'A monumental work': Manitoba man's Low German dictionary returns to bookstores
Jack Thiessen's dictionary back in print with help from his friends
An authoritative Mennonite Low German dictionary first published by a Manitoba man more than 30 years ago is back in print after being out of circulation for years.
And the author says he couldn't have done it without a little help from his friends.
Historian and translator Jack Thiessen, 88, has dedicated his life to studying and preserving the Low German dialect spoken by Mennonites in Manitoba and around the world.
In 1977, he published his first Low German dictionary; he followed it up with a second in 2003.
But about eight years ago, the publisher decided to stop printing the 556-page dictionary, leaving the book and the future of the language uncertain.
That's when Ernest Braun and Gerhard Ens stepped in to help.
"You couldn't buy it anywhere," Braun said about the book. "This was a bit of a concern because I thought with a monumental work like that, it was really a shame that this would be gone forever.
"Jack is elderly and he really wasn't quite able to do what was necessary to get it activated again."
No easy task
So Braun, an amateur Mennonite historian, and Ens, a professor at the University of Alberta, met with Thiessen a year-and-a-half ago and started the lengthy process of reworking the dictionary and finding a publisher.
It was no easy task.
The original publisher, the University of Wisconsin Press, returned the copyright to Thiessen and sent the files, which they'd assumed were the files used to print the dictionary.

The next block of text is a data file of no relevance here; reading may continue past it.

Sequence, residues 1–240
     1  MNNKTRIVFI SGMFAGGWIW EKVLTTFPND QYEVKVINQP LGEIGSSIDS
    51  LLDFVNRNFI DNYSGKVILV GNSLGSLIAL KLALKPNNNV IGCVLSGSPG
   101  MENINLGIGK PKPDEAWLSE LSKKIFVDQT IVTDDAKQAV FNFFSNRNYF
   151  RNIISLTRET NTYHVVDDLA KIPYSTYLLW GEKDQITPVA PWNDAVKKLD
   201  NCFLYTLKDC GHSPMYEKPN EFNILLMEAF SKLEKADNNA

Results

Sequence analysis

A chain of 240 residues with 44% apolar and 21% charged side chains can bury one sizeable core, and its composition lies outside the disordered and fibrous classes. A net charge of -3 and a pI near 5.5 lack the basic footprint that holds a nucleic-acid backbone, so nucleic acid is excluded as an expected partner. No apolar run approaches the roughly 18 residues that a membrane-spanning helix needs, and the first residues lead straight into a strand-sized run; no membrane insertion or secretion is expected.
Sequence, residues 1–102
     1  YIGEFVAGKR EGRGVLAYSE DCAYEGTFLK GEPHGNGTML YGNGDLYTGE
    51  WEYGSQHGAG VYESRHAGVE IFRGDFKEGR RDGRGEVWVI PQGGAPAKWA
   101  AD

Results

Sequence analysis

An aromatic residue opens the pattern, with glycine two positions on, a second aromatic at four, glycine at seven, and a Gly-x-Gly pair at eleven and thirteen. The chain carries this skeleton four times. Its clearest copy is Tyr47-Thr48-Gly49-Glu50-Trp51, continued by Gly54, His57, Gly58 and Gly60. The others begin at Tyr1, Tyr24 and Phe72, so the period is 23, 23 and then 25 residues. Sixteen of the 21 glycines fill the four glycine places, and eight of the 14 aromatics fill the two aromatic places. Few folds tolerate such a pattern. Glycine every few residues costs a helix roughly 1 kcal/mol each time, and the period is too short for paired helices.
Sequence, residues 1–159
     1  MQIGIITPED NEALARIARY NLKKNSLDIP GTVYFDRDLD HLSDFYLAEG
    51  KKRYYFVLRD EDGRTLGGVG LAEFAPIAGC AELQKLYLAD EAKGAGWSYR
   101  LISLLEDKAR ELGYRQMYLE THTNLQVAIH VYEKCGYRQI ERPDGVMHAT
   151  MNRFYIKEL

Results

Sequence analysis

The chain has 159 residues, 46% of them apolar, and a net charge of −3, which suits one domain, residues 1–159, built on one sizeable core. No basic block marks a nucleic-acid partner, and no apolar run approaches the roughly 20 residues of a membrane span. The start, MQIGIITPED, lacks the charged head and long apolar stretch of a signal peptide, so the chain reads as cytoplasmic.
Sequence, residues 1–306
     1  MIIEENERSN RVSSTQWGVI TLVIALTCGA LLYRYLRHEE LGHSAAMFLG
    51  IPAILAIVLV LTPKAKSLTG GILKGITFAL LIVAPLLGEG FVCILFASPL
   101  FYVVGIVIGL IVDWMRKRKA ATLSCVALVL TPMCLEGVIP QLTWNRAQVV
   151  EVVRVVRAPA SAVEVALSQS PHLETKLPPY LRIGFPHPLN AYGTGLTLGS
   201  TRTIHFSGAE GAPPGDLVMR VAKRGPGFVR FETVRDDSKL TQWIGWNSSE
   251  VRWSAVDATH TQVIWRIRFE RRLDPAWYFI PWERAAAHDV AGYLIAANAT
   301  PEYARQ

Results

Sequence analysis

But half of those files were unedited and many of the entries had to be redone, a process Braun said took him and Ens more than six months to get through — not surprising considering the finished book holds some 25,000 words.
Once the dictionary was together, proofed and properly formatted, the book was finally reprinted early this year by Friesens in Altona, and it hit the shelves in February.
This time the publisher is the "Friends of Jack Thiessen," a nod to Braun and Ens.
"I was really touched and very moved by the fact that these fellows did what they did," Thiessen said over the phone from his home in New Bothwell, Man.
"Those two got together and done a wonderful job, committed a lot of time, money and, above all, expertise."
'I'm called to do it'
Thiessen said he started working on the original dictionary — which had just 70 pages when it first hit bookshelves — 65 years ago while studying for his doctorate in Germany.
He says he's dedicated his life to preserving Low German.
"I'm called to do it. I cannot explain it any other way," he said.
"I like it, I discovered that I'm good at it, and I can trace the origin of most words."
Braun said Low German, a Low Prussian dialect that borrows from languages including Dutch, Russian, English and even Spanish, was on the decline in Canada until an influx of Mennonites began moving here from Paraguay and Mexico a few years ago.
The newly reprinted dictionary is one of three Low German dictionaries currently in print, but Braun said Thiessen's is the only one that evokes "the entire way of life" that Low German is for Mennonites.
He hopes it helps to keep the language and Mennonite culture alive here in Manitoba and around the world.
"Jack once said Mennonites are a migratory people who are only really at home in one country, and that is the country of its language," he said.
"Low German is a country … and Jack has made that country available to us in the dictionary."
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With files from Cory Funk